I did have an idea of what I wanted to do with the character, but again, once I put the costume on, sometimes I have to then adapt to the suit because it can change your plans a lot. Most of the time, the creature suit helps me a lot, but you never really know how much movement you are capable of doing until you spend some time inside of it. But when I met with Chloe, we talked about how I was going to be crawling most of the time and how she wanted me to move. I remember that Chloe posted this photo of me, where I'm wearing the head and the body of this creature, but then I have my shorts and socks on. I look ridiculous (laughs). But Chloe gave me some notes, and she was pretty good at letting me create the character based on those notes from there. I think most directors that I work with, they let me do my thing, and then they'll tweak a few things here and there.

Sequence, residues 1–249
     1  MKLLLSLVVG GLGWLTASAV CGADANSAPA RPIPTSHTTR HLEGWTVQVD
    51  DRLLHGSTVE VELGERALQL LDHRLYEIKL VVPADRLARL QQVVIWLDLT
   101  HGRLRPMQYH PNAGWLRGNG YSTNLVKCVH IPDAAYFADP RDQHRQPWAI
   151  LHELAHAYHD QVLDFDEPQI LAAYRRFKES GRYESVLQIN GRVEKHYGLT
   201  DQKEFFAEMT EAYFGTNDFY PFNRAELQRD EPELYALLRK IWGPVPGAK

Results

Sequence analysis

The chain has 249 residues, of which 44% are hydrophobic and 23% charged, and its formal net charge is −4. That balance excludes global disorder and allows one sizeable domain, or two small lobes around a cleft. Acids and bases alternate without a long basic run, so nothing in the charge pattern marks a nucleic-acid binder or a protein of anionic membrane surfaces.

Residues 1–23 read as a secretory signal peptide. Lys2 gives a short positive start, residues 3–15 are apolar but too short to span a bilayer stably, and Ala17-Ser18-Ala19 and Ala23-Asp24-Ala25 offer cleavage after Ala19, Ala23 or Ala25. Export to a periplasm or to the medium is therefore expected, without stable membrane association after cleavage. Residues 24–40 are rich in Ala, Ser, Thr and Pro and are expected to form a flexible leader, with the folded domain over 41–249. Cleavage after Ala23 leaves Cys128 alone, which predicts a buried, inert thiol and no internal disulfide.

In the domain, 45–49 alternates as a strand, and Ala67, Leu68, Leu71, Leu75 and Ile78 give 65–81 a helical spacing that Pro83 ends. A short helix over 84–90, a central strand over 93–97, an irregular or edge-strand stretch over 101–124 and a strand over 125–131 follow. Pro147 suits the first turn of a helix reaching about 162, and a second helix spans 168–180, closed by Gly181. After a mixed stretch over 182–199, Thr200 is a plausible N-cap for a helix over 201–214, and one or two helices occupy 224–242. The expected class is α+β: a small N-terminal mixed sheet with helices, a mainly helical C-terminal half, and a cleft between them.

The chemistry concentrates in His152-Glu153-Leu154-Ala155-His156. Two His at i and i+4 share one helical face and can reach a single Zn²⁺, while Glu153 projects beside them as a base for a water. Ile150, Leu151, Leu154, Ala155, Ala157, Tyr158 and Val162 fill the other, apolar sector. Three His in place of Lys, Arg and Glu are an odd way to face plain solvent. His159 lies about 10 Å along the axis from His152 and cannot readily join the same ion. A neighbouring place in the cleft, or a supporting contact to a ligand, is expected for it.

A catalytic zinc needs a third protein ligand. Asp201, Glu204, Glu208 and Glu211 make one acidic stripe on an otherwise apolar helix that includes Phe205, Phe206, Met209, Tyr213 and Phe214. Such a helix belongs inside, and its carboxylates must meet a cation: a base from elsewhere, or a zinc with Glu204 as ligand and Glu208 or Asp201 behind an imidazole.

Because you had limited visibility, did you have to change your physical approach to Raatma to make adjustments for the creature suit?

Oh, definitely. I think they built the costume on top of a surfing type of bodysuit with the zipper on the back, and then it had this head and Raatma's legs, and then the arms were just makeup. But when I put Raatma's head on, I couldn't see anything. It was a little heavy and it was long, too. When we were filming, I kept hitting my head a lot on the floor, especially the nose part, because it was really long. So I had to adapt to that head a lot, and I had to rely on Chloe and the people around me to tell me where to move and things like that.